It's also problematic when it comes to some types of effects, like healing. The suggestion used in Masterbook is essentially "treat the Effect Value as a First Aid skill total" - which is not particularly helpful when it comes to magical/miraculous healing.


There are two different camps here. One is to treat the effects as a master system, and adjust based on specifics (i.e. balance over flavor). The other camp wants the cleric to heal really well because "it's a miracle" and is willing to handwave the balance in favor a flavor win. OTorg was more of the first; TorgE is leaning more toward the second. I just know that the stuff I'm designing is mostly balanced with what is already there, but I will occasionally offer a difficulty break if there is a good flavor justification.
Dominick Riesland, aka Rabbitball
Co-author, Aysle Sourcebook for Torg Eternity
Creator of the Cosmversal Grimoire
"Those who will not follow are doomed to lead"—Anarchist, Magic: the Gathering

Staffan
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Re: Preview #16 - A Closer Look at Perks (Part 2)

Postby Staffan » Mon Jul 10, 2017 8:58 pm

Rabbitball wrote:There are two different camps here. One is to treat the effects as a master system, and adjust based on specifics (i.e. balance over flavor). The other camp wants the cleric to heal really well because "it's a miracle" and is willing to handwave the balance in favor a flavor win. OTorg was more of the first; TorgE is leaning more toward the second. I just know that the stuff I'm designing is mostly balanced with what is already there, but I will occasionally offer a difficulty break if there is a good flavor justification.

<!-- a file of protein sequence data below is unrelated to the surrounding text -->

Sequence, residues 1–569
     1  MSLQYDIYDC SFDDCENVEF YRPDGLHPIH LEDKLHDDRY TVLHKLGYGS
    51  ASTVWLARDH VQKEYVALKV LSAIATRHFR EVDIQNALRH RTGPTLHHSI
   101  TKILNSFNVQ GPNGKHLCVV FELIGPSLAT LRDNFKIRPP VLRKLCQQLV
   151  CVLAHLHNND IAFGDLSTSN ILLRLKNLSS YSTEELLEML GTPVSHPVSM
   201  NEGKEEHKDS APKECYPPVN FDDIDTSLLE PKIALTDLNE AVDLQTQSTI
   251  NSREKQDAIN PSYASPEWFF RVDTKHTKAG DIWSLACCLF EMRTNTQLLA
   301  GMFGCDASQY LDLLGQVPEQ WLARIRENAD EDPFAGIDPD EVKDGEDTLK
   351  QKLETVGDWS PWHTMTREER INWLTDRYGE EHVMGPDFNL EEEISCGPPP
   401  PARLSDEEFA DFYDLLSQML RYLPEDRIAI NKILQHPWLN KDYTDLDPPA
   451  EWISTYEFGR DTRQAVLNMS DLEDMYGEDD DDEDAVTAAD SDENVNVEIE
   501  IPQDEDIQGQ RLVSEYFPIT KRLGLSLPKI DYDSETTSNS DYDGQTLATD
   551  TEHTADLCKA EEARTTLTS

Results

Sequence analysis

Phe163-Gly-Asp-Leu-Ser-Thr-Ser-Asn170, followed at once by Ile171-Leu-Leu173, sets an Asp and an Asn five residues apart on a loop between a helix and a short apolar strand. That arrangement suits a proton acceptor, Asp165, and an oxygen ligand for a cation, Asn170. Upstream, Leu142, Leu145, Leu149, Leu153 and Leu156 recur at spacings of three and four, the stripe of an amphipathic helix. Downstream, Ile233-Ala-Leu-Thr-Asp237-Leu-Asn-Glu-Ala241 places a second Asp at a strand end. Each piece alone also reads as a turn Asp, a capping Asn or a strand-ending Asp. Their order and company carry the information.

For me, it's not just the traditional D&Dish cleric = healing thing - that's just the most obvious target. I think different types of supernatural things should do things in different fashions, and be good at different things. For example, psionics ought to be the best at reading people's minds and assorted mind-bleepery, but should be bad at damage.

There's also the issue that TORG/MB magic is generally bad at absolutes (because of the way the Value chart works - a "0" isn't the same as "nothing"), or have to do some shaky interpretations of things. For example, the oTORG water breathing spell converted a certain volume of water to air each round, instead of just saying "you can breathe water." Scrying uses the effect value as a ceiling on Perception rolls, or something of that sort. And crowd control magic is nigh impossible - essentially, in order to temporarily disable someone, you need a spell powerful enough to defeat them outright.